R36.00007: Bernoulli Suction Effect on Soap Bubble Blowing? John Davidson, Sangjin Ryu As a model system for thin-film bubble with two gas-liquid interfaces, we experimentally investigated the pinch-off of soap bubble blowing. Using the lab-built bubble blower and high-speed videography, we have found that the scaling law exponent of soap bubble pinch-off is 2/3, which is similar to that of soap film bridge. Because air flowed through the decreasing neck of soap film tube, we studied possible Bernoulli suction effect on soap bubble pinch-off by evaluating the Reynolds number of airflow. Image processing was utilized to calculate approximate volume of growing soap film tube and the volume flow rate of the airflow, and the Reynolds number was estimated to be 800-3200. This result suggests that soap bubbling may involve the Bernoulli suction effect. [Preview Abstract] |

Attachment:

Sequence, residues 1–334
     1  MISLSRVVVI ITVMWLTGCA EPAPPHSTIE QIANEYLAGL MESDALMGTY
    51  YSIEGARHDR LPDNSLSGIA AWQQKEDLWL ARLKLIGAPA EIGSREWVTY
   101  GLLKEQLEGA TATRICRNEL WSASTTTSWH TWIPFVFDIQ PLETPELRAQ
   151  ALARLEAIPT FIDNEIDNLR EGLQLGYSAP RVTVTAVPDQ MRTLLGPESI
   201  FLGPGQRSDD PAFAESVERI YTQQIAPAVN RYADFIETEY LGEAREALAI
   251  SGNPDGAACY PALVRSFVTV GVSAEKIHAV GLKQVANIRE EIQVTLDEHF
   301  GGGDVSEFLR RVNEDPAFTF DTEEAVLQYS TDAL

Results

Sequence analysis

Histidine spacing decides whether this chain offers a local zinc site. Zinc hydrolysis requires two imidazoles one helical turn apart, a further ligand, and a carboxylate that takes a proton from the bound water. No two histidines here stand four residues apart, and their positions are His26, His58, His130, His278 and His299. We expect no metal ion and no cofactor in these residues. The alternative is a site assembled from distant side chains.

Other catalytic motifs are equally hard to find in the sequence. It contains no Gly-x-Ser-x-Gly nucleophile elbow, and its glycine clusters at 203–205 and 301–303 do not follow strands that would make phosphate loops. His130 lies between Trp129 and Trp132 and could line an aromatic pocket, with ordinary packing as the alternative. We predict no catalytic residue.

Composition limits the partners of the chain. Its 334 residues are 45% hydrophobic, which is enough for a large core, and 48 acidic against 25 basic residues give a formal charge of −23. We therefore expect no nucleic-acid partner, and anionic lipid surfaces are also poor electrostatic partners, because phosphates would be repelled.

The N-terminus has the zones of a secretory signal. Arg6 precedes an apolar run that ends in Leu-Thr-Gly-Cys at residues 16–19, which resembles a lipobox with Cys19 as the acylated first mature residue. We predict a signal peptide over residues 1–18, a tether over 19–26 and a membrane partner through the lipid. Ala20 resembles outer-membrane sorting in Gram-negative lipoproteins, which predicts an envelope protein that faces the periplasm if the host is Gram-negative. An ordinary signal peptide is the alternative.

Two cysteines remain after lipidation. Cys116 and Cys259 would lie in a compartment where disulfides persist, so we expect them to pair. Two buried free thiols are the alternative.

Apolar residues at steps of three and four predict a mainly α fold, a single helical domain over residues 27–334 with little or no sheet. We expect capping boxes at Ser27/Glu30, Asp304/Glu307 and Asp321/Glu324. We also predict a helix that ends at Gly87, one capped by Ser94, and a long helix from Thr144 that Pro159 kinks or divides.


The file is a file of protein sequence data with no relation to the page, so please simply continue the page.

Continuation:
Tuesday, November 24, 2015 2:21PM - 2:34PM |
R36.00008: The formation of soap bubbles created by blowing on soap films Louis Salkin, Alexandre Schmit, Pascal Panizza, Laurent Courbin Using either circular bubble wands or long-lasting vertically falling soap films having an adjustable steady state thickness, we study the formation of soap bubbles created when air is blown through a nozzle onto a soap film. We vary nozzle radius, film size, space between the film and nozzle, and gas density, and we measure the gas velocity threshold above which bubbles are generated. The response is sensitive to confinement, that is, the ratio between film and jet sizes, and dissipation in the turbulent gas jet which is a function of the distance from the nozzle to the film. We observe four different regimes that we rationalize by comparing the dynamic pressure of a jet on the film and the Laplace pressure needed to create the curved surface of a bubble. [Preview Abstract] |
Tuesday, November 24, 2015 2:34PM - 2:47PM |